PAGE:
Team WRT is still hoping to run a Hypercar-class program in the future despite Audi’s adjournment of a prototype project that the Belgian squad was due to work on.
According to team principal Vincent Vosse, WRT is discussing with other parties to see if it can identify a new way to be involved in top-level prototype racing.
The successful GT racing outfit had been chosen by Audi to work on the German manufacturer’s LMDh program, which was officially placed on an indefinite pause in March.
WRT entered the LMP2 category in 2021 to prepare for a prospective involvement in the FIA World Endurance Championship’s Hypercar class with a manufacturer.
It won the WEC and European Le Mans Series LMP2 titles, as well as the 24 Hours of Le Mans, in a hugely successful season before concentrating fully on the world championship this year with two Oreca 07 Gibsons.
The team had also been placed “on testing duty” for the Audi LMDh program that was due to make its race debut in 2023, according to Vosse.
“It was never announced that we would be involved in LMDh with Audi, but it’s a fact that we were,” he told Sportscar365.
“It’s changing our plan. Thanks probably to the results last year, plus the pedigree of the team in endurance, I had great contact in the last few weeks. Let’s see where we get.
“We still have the same plan, just maybe one year is postponed. Maybe we have to move everything [back] one year.”
Vosse confirmed that he is talking with other car manufacturers about the prospect of running a prototype entry at the top level.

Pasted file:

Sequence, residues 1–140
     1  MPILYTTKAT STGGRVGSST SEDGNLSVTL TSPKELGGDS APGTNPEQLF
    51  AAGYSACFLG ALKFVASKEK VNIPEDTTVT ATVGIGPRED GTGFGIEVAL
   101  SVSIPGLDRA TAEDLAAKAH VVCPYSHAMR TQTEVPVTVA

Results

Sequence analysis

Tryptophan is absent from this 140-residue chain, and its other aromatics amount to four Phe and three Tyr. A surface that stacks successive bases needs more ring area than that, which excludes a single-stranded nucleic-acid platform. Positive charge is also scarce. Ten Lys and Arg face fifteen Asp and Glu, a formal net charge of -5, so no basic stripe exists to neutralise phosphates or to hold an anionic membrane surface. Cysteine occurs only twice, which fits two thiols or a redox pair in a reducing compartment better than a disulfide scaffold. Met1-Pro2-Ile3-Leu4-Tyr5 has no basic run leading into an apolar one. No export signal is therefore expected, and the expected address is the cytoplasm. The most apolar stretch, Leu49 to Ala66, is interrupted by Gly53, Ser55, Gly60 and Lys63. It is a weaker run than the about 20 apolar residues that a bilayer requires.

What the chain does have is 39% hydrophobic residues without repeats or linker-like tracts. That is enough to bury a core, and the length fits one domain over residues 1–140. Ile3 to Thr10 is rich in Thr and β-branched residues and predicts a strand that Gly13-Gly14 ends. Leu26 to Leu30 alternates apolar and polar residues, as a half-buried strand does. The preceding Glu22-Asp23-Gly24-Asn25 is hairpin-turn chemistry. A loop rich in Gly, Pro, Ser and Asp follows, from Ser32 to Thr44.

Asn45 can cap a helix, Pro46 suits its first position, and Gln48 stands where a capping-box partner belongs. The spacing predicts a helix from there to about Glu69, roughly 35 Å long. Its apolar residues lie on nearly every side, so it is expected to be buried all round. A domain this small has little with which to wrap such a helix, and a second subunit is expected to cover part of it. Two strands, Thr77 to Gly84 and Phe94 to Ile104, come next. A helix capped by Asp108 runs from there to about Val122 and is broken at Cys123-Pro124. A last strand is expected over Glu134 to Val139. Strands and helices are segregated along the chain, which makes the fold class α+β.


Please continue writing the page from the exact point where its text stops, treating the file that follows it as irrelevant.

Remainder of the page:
“I am discussing with people who are interested to work with us,” he said.
“There is quite an amount of interest in Hypercar for the future. If we can be there, we will. If we cannot, we will focus on something else.
“But I have a good feeling that our future will stick around WEC.”
WRT was set to work on Audi’s LMDh program in a factory capacity, but Vosse has not ruled out running customer prototypes if that emerges as the only viable option.
Several LMDh and LMH manufacturers have already announced operating teams for their works racing programs such as Ferrari (AF Corse in WEC), BMW (RLL in IMSA) and Cadillac (Chip Ganassi Racing in WEC and IMSA and Action Express Racing in IMSA).
When asked if WRT would consider pursuing a customer Hypercar effort, Vosse replied: “It would be stupid to say that I’m not. At the end, you never know what will happen.
“I will not say ‘no, I will never be in LMDh or LMH with a private entry’.
“My goal, and the way we would have run, was a factory effort. What we will do in the future, we never know. It can be a factory effort, or it can be a compromise.”
While Audi’s LMDh program is on the sidelines, WRT continues to run a large stable of Audi R8 LMS GT3 Evo IIs in Fanatec GT World Challenge Europe powered by AWS.
It has earned several major accolades in GT3 over the years including overall wins at the TotalEnergies 24 Hours of Spa, the Liqui-Moly Bathurst 12 Hour and the Nürburgring 24.
But if his team begins to work with a different LMDh or LMH brand, Vosse acknowledged that he might need to consider re-aligning WRT’s activites in the GT ranks.
“If there is a manufacturer coming to me today and telling me that he is interested in working with us on Hypercar, and I would have to move my GT program towards them, I would think of it and I am open to it,” Vosse said.
“At the moment I am just open to see what are the proposals, if it can include GT.
“For sure there is a kind of disagreement and a bit of frustration with this Audi LMDh program not going ahead. That has nothing to do with the great people I have been working with for the last 12 years in GT.
“But who knows? A lot of things can happen. If you would tell me two years ago that we would run the LMDh program for Audi coming back to Le Mans, I would have been surprised.
“So now, nothing is surprising me anymore! I am just looking at what is going on. I will take the best decision for the team.”